Interestingly enough, the Council is discussing an ethics upgrade this evening that highlights transparency and public access. Yet, here’s an item that represents a number of potential downsides – including the nature of the advice – buried in it.

    Not sure if I’ll make the meeting but will be looking forward to Council’s review.

  4. Mark K. made the comment that the risks outlined above were mentioned in the material he has.

    That material is not part of the agenda item here:

  5. A shame the presentation made by Davenport wasn’t part of the agenda packet. Pretty good overview sans a bit of risk analysis.

    So far the best line is from Jim Ward “If this was your inheritance” your mother was going to leave you, would you choose BABs?

    A bit disappointing that Davenport references all or nothing for the subsidy. A more likely scenario is a stepwise reduction – as already outlined by the Congress – in the reimbursement rate which alters both the yield and interest curves.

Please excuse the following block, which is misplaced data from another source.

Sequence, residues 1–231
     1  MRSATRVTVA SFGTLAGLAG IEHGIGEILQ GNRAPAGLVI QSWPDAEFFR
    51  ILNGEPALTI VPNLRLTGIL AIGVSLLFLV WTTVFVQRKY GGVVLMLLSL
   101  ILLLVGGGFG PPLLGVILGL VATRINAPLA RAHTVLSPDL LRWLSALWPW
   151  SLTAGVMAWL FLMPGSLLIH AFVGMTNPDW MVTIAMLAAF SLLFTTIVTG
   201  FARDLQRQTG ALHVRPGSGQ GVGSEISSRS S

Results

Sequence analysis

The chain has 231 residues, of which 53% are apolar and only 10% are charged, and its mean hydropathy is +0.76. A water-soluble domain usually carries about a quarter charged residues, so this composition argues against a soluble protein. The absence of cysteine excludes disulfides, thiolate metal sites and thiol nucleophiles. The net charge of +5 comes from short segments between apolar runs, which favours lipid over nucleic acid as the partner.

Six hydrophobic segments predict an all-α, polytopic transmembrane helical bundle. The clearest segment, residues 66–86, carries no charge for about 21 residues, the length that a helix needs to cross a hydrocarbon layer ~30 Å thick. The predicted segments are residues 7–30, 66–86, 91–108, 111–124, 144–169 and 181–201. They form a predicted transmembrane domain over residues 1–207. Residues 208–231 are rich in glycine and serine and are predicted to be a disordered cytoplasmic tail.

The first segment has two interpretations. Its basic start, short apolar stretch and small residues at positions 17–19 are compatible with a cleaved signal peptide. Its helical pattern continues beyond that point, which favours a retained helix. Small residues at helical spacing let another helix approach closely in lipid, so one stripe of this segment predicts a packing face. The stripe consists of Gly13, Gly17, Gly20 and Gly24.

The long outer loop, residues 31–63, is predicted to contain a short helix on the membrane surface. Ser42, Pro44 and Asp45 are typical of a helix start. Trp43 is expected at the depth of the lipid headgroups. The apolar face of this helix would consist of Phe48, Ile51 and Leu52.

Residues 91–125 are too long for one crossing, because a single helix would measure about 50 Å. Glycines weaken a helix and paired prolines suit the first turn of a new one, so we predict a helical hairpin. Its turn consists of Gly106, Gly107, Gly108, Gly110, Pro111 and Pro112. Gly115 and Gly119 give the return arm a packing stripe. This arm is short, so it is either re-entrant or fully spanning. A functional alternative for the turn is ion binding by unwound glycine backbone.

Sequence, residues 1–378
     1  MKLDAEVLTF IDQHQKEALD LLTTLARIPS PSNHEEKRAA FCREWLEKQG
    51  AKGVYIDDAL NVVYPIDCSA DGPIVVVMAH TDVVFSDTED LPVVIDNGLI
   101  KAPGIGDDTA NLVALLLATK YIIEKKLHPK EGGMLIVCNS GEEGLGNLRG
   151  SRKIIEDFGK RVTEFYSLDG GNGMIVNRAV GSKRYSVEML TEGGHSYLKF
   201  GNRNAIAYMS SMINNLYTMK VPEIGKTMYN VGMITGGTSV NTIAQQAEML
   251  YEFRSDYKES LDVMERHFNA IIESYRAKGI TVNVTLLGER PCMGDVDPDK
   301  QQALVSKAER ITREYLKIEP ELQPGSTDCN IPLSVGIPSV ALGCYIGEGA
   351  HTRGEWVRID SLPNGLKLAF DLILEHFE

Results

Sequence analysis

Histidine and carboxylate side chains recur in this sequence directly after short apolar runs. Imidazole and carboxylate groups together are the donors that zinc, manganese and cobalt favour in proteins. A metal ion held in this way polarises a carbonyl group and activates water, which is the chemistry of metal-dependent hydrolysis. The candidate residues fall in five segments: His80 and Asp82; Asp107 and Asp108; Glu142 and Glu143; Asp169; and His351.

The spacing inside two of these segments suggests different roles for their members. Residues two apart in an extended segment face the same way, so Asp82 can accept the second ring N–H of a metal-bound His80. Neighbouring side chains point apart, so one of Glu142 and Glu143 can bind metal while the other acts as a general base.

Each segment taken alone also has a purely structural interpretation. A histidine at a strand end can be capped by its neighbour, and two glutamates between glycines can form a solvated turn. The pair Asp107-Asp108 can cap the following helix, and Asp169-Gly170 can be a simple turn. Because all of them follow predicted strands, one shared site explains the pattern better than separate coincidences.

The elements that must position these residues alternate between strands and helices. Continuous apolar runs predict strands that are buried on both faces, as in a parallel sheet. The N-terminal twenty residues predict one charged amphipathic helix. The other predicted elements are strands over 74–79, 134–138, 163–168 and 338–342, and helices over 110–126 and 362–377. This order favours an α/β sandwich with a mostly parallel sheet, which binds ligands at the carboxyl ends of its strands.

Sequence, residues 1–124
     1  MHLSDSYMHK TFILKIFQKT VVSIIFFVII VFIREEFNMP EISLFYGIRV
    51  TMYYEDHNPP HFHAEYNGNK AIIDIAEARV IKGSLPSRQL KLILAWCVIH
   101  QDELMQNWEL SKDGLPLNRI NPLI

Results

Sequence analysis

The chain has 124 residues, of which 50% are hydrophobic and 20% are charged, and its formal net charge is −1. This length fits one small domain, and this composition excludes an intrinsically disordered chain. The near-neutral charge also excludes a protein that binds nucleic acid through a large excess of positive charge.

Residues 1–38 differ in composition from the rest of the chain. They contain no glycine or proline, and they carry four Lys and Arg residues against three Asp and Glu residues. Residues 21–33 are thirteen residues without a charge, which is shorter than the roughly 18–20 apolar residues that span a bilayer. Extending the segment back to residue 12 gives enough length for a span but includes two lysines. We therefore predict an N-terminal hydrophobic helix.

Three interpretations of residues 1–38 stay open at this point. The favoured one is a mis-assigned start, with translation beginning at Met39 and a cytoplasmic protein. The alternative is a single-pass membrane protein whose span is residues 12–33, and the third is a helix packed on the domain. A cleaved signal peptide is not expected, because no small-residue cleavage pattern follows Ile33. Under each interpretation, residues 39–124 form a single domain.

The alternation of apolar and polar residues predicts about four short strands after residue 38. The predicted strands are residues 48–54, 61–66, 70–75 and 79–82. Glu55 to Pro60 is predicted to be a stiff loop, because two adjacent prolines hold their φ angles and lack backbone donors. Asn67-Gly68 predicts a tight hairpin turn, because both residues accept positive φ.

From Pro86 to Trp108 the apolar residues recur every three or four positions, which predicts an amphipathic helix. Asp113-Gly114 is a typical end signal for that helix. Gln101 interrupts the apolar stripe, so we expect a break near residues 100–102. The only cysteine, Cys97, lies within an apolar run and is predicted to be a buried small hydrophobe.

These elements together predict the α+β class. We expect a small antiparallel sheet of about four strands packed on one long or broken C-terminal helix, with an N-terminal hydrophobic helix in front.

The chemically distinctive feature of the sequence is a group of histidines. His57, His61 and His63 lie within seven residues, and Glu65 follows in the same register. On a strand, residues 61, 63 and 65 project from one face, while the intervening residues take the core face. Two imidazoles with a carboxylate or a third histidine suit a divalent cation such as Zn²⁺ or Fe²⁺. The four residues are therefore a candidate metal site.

6. Whoops! Forgot to mention one of the best parts of Davenports review involved clearly underlining that the tax exempt bonds command a better than par (more than %100 on the dollar) rate of return. In the end, that means that the Town could raise $22M + on a $20.1M issuance. In other words, we make a type of “profit” – an original issuance premium.

    You could actually issue less than $20.1M in bonds to generate $20.1M for the bond projects. Why the $2M+? It essentially allows wiggle room – something that the Town has needed in the past (crazy expansion in the Town Ops Center costs, the slight (relative to the TOC and some other humdingers) increase in the Aquatics Center, etc.).

  7. Matt C. and Jim W. just spoke to the overage issue. Of course, if the interest trend lines follow Davenports analysis, if the Feds continue with the subsidy, etc. the OVERALL cost will be less going with a mix. The question is what is the likelihood of each scenario?

    The suggestion that BABs are inherently safe because if the Feds pull or decrease the subsidy “a whole lot hurt” throughout America occurs gives one pause. I wish Davenport had prepared an analysis showing potential reductions in the subsidy bounced against anticipated interest rate increases.